The non-partisan Congressional Budget Office has estimated doing over the cliff would cut growth about 3 percentage points next year and push unemployment back up.

Sprint, Clearwire, agree to $2.2B deal

OVERLAND PARK, Kan., Dec. 17 (UPI) -- Sprint Nextel, the third largest U.S. telecommunications service said Monday it had agreed to buy the portion of Clearwire that it did not yet own.

The New York Times reported that Sprint had raised its bid from $2.90 per share that was revealed Thursday to $2.97 per share, pushing the total value of the deal to $2.2 billion, a premium of 128 percent over Clearwire's price before news of a possible acquisition became public.

Sprint currently owns 51.7 percent of Clearwire. On Thursday, a public filing revealed that Sprint had made an offer valued at $2.1 billion.

With the purchase, Sprint can close some of the considerable gap between itself and AT&T and Verizon Wireless, the two largest carriers in the country. But the deal was made possible by an injection of cash from SoftBank of Japan, which agreed to buy a majority of Sprint for $20.1 billion in October.

Having a parent company with deep pockets has enabled Sprint to make the latest move, the Times said.

"Today's transaction marks yet another significant step in Sprint's improved competitive position and ability to offer customers better products, more choices and better service," said Sprint Chief Executive Officer Dan Hesse in a statement.

Among the immediate advantages in the deal, Clearwire owns a portion of the spectrum similar to the one used in Japan by SoftBank, which means Sprint would have quick access to recently released smart phones, the Times said.

New York manufacturing slows further

NEW YORK, Dec. 17 (UPI) -- Manufacturing activity contracted in New York in December for the fifth consecutive month, the Federal Reserve Bank of New York said Monday.

The Empire State Manufacturing Survey, taken the first half of each month, indicated manufacturing activity shrank at a slightly faster pace than November, but within the range between minus five and minus 10, where it has been throughout the five-month contraction.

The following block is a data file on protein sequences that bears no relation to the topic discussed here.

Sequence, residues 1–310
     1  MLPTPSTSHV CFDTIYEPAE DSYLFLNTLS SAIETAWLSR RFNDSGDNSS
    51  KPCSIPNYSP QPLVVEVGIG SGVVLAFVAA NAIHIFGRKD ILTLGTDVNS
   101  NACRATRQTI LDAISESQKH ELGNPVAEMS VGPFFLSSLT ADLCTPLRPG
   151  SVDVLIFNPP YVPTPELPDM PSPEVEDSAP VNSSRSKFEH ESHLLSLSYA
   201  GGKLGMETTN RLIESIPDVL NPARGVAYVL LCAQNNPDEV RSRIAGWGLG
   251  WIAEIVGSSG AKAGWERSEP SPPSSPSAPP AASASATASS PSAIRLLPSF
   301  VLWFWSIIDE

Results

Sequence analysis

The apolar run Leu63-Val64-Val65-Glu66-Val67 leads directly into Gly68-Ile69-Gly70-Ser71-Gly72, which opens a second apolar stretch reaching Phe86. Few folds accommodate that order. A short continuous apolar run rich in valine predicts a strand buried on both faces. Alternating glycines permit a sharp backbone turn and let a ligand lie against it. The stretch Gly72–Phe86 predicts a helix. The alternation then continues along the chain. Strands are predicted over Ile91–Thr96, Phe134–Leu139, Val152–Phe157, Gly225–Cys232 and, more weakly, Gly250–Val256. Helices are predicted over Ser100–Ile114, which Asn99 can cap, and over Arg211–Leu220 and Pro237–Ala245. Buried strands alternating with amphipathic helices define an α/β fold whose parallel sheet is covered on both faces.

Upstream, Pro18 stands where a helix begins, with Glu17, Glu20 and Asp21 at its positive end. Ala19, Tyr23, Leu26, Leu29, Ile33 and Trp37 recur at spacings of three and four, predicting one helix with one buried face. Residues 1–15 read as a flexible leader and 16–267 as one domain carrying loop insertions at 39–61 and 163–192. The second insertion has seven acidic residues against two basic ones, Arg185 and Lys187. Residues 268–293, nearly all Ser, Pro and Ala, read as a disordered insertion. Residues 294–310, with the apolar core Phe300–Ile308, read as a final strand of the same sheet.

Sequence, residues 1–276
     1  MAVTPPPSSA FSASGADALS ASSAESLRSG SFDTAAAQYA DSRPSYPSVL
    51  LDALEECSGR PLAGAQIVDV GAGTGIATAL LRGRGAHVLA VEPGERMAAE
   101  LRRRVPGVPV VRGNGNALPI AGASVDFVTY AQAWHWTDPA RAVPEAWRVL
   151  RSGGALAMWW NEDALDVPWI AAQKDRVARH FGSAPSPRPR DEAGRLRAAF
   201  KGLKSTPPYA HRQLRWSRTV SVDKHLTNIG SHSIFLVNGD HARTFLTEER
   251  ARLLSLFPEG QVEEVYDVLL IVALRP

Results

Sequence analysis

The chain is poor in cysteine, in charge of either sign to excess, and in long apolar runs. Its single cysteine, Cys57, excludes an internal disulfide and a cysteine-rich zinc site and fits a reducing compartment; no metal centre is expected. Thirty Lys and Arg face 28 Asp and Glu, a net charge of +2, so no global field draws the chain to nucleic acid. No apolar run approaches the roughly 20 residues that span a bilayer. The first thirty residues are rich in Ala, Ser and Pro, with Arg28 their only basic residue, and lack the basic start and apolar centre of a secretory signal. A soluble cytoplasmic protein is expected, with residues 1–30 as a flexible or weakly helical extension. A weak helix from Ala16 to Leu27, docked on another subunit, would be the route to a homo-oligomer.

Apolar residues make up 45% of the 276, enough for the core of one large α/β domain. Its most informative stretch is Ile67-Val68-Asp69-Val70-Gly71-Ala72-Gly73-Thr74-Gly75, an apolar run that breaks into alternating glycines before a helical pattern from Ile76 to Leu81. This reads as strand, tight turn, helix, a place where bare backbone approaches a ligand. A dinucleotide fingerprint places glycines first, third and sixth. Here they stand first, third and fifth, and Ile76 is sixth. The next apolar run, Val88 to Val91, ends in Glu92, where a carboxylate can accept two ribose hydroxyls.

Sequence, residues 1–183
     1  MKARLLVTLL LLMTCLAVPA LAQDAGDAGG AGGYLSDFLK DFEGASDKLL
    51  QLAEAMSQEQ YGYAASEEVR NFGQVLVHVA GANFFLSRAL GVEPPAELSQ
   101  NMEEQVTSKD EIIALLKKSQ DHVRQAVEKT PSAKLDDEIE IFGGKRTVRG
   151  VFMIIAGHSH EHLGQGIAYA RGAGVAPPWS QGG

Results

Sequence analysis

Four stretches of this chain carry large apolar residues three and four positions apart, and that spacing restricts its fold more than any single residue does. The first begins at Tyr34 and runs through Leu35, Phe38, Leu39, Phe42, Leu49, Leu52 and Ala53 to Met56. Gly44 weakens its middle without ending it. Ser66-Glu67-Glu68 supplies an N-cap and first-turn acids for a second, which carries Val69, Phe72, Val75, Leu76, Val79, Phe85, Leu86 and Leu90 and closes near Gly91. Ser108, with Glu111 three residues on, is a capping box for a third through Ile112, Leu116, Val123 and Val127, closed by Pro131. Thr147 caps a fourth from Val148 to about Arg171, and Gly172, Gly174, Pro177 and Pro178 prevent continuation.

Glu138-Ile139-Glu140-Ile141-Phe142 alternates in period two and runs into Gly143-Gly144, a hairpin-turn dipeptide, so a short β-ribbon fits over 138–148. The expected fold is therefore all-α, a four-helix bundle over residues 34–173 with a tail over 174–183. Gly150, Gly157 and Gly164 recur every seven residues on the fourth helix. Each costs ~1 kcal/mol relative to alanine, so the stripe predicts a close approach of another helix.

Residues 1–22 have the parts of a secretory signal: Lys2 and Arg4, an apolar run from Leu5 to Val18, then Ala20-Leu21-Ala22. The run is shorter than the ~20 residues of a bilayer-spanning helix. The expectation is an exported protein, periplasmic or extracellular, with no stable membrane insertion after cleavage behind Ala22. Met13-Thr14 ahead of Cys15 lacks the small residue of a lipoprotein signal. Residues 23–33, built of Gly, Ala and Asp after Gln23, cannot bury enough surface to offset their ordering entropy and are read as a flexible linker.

The general business conditions index for December fell to 8.1.

The index suggested "only moderate lingering effects from superstorm Sandy," the Fed said. While the index remained negative, business conditions have "changed little since the storm," which made landfall in late October.

The effects of the storm on manufacturing was noticed as "manufacturers in downstate New York generally showed more widespread declines than those from upstate establishments -- suggesting that superstorm Sandy has had some lingering negative impact," the Fed said.

In addition, the Fed said a specific question on the impact of the storm on revenue revealed "virtually no net effect," for October, November and December among upstate manufacturing firms, but a negative impact of roughly 7 percent in October and 5 percent in November for downstate firms. For December, respondents indicated they anticipated "a neutral net effect," on revenue from Hurricane Sandy.

Across the state, the new orders index "dipped below zero but only sightly," while the shipments index remained in positive territory.

Meanwhile, the indexes measuring number of employees and average hours worked in a week both fell in December.